Several years ago, at Wine Searcher, Joel Peterson, Zinfandel pioneer and founder of Ravenswood, in response to a question about the 100-point scoring system, related a typical story about rating inconsistencies:
I have made wines under two labels and I’ve had them scored in the same periodical as much as five points apart. Same wines, different package. Like all judging of wine, it suffers from the wine that came before, the wine that came after, the time of day. All those things can affect a wine by as much as five points.
Such accounts give ammunition to those who think wine evaluation is so subjective it is little more than a scam to pull the wool over the eyes of consumers willing to pay top dollar for a big scoring wine.
Wine evaluation is not unique in being distorted by personal idiosyncrasies. The social psychology literature is full of research that shows our moral judgments are influenced by morally irrelevant considerations such as the TV show we’re watching or the aroma of freshly baked bread.
Our brains are not wired to produce objective judgments, especially when our interests are at stake. Apparently, there is an evolutionary advantage to having a brain that is influenced by emotions and contextual factors about which we are often unaware.
In fact, if you believe that wine quality is correlated with price or label then it would be irrational not to have one’s pleasure influenced by these factors. If we are motivated to maximize pleasure, and we get pleasure from knowing a wine is expensive, why not just enjoy that extra increment of pleasure that comes with the price. After all, you paid for it!
The problem is that the correlation of price and quality is too rough to be reliable and we expect a critic to spot those instances when the correlation fails. But isn’t being influenced by knowledge of the brand, the winemaker, or the vineyard source a different matter? We don’t expect art critics to judge works of art without knowledge of the artist, her materials, or the context of production. Why demand that of wine critics?
Of course art critics are (thankfully) not inclined to give numerical scores when evaluating works of art. But that points to one of the downsides of the 100-point wine scoring system. It creates the impression that the judgment is objective—unbiased by the peculiarities of an individual. Numbers often leave that erroneous impression.
Why we should want such objectivity in wine criticism is a bit of a mystery. Would we be better off if the point scores were generated by an algorithm, perhaps instantiated in a computerized “tasting system” that precisely measured various dimensions of the wine and spit out a score?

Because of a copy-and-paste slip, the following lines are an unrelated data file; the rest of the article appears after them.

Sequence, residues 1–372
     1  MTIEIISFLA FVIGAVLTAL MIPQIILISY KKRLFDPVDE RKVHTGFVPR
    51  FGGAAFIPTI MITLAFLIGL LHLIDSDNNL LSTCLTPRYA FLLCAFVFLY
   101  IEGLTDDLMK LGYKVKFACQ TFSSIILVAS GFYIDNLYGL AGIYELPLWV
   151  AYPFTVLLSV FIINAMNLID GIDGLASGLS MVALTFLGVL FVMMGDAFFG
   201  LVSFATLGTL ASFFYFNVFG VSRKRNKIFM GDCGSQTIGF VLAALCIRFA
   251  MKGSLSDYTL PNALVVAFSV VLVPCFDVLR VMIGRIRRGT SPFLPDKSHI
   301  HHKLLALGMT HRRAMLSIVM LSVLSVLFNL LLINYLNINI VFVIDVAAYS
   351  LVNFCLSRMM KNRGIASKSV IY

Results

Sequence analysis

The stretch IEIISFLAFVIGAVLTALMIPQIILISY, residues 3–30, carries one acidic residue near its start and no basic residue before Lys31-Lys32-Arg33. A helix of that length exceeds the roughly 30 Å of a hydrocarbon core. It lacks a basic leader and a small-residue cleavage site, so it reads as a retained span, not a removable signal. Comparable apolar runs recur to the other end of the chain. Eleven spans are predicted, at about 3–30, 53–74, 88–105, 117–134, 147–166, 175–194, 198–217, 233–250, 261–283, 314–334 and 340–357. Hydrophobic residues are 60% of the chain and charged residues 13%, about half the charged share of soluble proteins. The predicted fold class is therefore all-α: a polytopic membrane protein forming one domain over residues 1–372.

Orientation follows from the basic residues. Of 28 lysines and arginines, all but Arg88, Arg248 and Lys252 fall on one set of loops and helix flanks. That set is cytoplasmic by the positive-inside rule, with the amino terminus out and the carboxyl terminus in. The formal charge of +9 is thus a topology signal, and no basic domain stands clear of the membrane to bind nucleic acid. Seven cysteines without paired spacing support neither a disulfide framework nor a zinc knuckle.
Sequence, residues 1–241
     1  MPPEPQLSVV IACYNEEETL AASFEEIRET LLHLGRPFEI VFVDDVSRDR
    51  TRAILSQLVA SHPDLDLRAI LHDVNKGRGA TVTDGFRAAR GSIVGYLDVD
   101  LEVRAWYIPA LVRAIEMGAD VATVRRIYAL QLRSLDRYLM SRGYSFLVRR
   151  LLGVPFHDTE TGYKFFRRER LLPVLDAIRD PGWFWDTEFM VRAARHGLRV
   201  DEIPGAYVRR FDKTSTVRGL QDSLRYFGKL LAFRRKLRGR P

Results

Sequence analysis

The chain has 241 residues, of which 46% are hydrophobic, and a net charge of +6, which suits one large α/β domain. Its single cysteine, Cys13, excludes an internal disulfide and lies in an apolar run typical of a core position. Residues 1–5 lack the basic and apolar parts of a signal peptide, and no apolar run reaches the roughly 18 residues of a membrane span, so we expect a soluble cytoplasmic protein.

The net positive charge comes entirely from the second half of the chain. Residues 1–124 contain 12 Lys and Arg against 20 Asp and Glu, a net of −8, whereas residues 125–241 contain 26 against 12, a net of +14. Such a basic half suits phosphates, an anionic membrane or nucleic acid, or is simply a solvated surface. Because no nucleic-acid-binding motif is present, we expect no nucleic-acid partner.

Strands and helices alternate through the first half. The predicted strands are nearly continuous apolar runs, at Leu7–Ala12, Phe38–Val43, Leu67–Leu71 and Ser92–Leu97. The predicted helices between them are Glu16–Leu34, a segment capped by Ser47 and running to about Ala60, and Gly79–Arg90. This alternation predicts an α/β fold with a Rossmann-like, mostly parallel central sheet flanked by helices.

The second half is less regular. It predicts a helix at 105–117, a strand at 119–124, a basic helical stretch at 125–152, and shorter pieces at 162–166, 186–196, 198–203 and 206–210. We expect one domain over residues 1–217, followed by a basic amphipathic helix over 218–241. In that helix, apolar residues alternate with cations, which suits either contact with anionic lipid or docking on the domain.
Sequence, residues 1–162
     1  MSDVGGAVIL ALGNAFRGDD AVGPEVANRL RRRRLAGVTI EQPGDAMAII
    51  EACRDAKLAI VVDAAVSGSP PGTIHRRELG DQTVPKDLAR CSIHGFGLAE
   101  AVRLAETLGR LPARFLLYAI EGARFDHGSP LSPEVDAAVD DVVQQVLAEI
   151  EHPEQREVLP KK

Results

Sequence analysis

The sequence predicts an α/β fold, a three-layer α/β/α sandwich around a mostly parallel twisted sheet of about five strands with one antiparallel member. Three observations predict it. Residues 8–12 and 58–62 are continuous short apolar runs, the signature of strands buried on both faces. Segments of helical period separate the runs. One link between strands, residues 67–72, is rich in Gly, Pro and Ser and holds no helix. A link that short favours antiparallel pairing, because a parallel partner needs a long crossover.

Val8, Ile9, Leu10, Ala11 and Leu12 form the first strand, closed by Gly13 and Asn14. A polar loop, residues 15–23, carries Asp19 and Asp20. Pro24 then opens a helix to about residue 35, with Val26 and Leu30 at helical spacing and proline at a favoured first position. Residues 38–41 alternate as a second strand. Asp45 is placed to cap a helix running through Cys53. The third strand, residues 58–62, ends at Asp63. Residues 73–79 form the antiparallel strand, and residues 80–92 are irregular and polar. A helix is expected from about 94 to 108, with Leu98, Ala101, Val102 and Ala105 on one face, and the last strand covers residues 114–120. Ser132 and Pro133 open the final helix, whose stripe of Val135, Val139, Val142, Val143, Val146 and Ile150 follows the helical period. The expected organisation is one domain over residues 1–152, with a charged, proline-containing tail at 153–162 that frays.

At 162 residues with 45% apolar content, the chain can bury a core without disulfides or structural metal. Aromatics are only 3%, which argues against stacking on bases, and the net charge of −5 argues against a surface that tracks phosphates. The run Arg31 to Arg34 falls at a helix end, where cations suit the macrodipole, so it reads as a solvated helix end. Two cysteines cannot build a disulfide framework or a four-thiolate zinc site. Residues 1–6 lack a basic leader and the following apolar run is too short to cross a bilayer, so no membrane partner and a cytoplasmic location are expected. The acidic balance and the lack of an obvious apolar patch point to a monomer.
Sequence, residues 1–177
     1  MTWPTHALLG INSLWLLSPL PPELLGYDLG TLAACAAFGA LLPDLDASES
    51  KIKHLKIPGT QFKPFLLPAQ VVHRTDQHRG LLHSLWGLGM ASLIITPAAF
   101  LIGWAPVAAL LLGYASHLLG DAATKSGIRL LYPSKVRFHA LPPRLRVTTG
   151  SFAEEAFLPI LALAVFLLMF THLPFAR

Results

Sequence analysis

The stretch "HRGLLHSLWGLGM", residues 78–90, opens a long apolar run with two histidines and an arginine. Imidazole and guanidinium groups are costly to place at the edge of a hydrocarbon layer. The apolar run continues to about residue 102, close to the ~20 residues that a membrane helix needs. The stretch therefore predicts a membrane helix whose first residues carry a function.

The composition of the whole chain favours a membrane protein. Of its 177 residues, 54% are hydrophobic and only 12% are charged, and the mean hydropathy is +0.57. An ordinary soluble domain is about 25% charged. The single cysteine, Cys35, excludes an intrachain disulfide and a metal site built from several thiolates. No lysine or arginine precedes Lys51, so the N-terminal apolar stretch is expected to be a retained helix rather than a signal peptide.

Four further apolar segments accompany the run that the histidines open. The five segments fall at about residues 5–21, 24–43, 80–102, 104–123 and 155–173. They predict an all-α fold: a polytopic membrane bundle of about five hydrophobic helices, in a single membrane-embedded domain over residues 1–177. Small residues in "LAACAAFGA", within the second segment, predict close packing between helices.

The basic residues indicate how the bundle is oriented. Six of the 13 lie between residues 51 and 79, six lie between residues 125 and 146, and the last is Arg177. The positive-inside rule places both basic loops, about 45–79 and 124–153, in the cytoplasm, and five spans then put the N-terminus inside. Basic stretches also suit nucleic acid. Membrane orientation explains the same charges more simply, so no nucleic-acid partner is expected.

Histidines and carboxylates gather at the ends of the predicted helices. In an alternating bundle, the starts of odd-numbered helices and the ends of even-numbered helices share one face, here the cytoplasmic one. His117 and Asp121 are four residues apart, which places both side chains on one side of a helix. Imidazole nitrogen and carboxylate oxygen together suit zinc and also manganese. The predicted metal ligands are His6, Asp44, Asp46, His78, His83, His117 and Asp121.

I think the answer is no. We want wine to move us emotionally and sensuously. And thus what we should want from a critic is her emotional or sensuous response. If you were to discover there are objective laws of “good wine” to which your palate did not correspond, would you give up your own preferences? I doubt it.
The problem with the episode Peterson recounts (and the data regarding moral judgment as well) is not that the judgments revealed subjective preferences. It is that the judgments reflected irrelevant considerations. We want the critic to be moved by wine, not labels, and we want the treatment of others to be governed by human need not TV programs or the smell of bread.
Thus, to make valid, useful judgments about wine is not to strive for objectivity (if that is understood to involve the absence of personal preference) but is instead to strive for a subjective judgment of the right sort—one that is about one’s perception of the wine, not something else. After all if we didn’t have preferences what would be the point of drinking wine?
Subjectivity of the right sort is an achievement. It requires that critics be aware of their prejudices and influences and strive to allow only those that are relevant to influence their judgment. To the extent wine scores assess wine quality rather than the phases of the moon or the reflected luminosity of the gaze of a young lovely across the room, wine scores are not excessively subjective.
As Peterson points out, they are just “one man’s opinion about what wine is.” What else would you want them to be?
You’re right on target. This article of mine might be of interest: “Reviews and 5-Star ratings are so useless for recommendations that Netflix tossed its prized $1-million algorithm. They’re even worse for wine” — https://wineindustryinsight.com/?p=115259
Hi Lewis. Yes. I been reading through your articles in that series. Lots of great information on aroma perception and cognition. I look forward to hearing more about your recommendation system.